Inflation metrics business leaders should follow
Business owners have two concerns about inflation: their own selling prices and costs, and the general inflation trend. The general trend is important information in trading strategy and also helps managers understand the direction in which their particular prices are heading.
A guide to data sources for company-specific inflation measures appears below. First comes an explanation of common measures of inflation and how business leaders should use them.
The consumer price index attracts the most attention, as well as the most criticism. It’s useful as long as it’s not taken too seriously. Many people express the belief in casual conversation that actual inflation exceeds the increase in the CPI. There is a bit of truth mixed in with an error. The truth is that the CPI derives from a “shopping cart” typical of urban consumers. The basket includes not only groceries, but all kinds of goods and services. In the details of the CPI, you will find tuition fees, the cost of accommodation and travel as well as gasoline and food. But the proportions of this basket do not reflect the expenses of each. Some people spend more on travel and less on cable TV. Vegetarians don’t buy a lot of meat even though it is in the CPI. It is likely that no one’s spending will match the CPI basket proportions.
Yet the CPI actually represents the average. People tend to focus on price tags they see regularly, such as gas or milk. The thousands of other prices they pay receive far less attention.
Economists believe that the CPI tends to overestimate inflation, contrary to what many people think. The core concern of economists is the weight given to different components and how people react to price changes. Here is an example. Suppose the price of beef and chicken have been relatively stable, but something is happening at the feedlots that drives up the price of beef, without affecting chicken prices. Consumers will respond to higher beef prices by consuming less beef and replacing chicken and other meats. What weight should beef have in the overall index after this change in behavior?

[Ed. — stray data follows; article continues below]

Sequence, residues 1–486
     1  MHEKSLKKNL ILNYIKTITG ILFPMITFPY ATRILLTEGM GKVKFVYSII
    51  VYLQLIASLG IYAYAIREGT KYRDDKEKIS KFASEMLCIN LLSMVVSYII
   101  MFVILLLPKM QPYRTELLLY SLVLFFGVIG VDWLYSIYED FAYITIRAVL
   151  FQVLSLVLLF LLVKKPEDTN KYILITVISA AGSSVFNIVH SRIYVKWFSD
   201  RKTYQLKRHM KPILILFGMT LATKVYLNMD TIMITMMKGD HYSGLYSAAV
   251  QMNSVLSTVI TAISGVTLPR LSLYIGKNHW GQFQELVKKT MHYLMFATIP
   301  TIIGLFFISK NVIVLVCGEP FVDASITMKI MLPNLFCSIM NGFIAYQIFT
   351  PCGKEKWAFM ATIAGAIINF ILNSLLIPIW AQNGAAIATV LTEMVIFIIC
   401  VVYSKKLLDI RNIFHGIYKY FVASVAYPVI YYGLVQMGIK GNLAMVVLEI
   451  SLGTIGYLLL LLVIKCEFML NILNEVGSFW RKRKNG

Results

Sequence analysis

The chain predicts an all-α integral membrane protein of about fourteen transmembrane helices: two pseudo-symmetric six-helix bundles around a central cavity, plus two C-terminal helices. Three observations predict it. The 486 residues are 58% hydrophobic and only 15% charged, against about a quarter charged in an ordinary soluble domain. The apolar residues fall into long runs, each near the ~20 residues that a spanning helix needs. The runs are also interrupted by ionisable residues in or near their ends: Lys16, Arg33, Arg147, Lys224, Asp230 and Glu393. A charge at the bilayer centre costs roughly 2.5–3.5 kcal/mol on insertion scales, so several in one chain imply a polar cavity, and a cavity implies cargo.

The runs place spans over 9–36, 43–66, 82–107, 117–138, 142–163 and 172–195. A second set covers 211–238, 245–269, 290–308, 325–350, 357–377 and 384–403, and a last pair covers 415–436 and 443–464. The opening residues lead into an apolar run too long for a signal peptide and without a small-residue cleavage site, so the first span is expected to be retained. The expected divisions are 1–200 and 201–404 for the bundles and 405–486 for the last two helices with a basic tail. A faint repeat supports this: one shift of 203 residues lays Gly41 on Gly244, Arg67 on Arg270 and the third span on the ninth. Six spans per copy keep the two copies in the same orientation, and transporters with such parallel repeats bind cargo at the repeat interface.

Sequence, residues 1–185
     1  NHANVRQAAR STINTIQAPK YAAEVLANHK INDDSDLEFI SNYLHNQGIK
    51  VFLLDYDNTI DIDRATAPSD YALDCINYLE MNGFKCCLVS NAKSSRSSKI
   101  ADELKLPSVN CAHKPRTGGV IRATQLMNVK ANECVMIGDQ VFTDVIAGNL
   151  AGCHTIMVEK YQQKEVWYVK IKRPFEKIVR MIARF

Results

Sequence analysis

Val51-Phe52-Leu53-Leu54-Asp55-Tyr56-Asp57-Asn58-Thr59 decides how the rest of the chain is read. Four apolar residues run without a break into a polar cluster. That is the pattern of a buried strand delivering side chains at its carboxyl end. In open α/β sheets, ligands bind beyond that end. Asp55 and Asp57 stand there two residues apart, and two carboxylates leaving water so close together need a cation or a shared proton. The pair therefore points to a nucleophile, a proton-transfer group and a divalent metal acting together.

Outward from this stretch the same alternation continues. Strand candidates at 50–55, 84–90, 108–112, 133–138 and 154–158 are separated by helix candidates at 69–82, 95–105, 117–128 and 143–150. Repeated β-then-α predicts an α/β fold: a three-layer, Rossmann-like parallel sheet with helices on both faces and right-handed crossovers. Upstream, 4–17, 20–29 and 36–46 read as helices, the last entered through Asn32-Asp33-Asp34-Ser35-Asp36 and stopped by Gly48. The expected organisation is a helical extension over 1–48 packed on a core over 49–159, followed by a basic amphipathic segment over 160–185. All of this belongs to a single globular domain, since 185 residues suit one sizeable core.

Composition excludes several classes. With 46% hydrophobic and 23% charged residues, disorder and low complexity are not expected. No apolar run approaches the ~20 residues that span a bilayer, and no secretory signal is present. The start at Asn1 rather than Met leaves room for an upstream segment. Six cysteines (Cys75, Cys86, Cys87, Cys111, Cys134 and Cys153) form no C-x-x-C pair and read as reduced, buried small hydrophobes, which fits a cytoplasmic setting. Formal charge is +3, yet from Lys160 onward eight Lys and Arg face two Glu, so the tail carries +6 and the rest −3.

The CPI keeps the same weights for two years and then updates them. Another important measure, the Personal Consumption Expenditure Price Index, continually adjusts the weights. Economists prefer this approach, which shows a lower rate of inflation.
These two measures of inflation are calculated with and without food and energy. The exclusion of food and energy in some indices seems wrong because we all buy food and energy. The logic of the exclusion, however, is that they vary differently from other prices. Gasoline prices rise and fall with oil prices, but the CPI almost always rises. Thus, gas does not always indicate inflationary pressure in the economy. Similarly, a bad harvest year can drive up food prices, but this is unlikely to persist.
The metric we are looking at is not very important to the trend over time. At the time of writing, all inflation indices are rising much faster than they were a few years ago. They all tell the same story. The Federal Reserve is focusing on the personal consumption expenditure price index excluding food and energy, so it’s a good index for business leaders to watch, but the CPI is showing a similar acceleration, but offset by a higher average. Historical data is available in the FRED database.
Businesses should also watch for inflation in their selling prices and costs. Detailed components of the Consumer Price Index are available from the Bureau of Labor Statistics, as are detailed components of the Consumer Price Index. Producer price index. Some industry associations and companies provide data specific to their specialties.
Labor costs are also important for most businesses. Headline labor inflation is best measured with the Employment cost index. Average hourly earnings are more widely reported, but this measure changes with the composition of the labor force. For example, during the containment phase of the pandemic, many low-wage employees lost their jobs. The average then reflected only the highest earners, suggesting an acceleration in wages that was not happening. The employment cost index avoids this problem by looking at wage changes for the same job. The ECI also measures benefits, which may increase more or less than wages.
Economists prefer the economy to have low and constant inflation. One reason is that high and variable inflation forces business leaders to devote valuable time and attention to inflation. It’s needed now, but it’s a loss of productivity for some of the most important workers in the economy.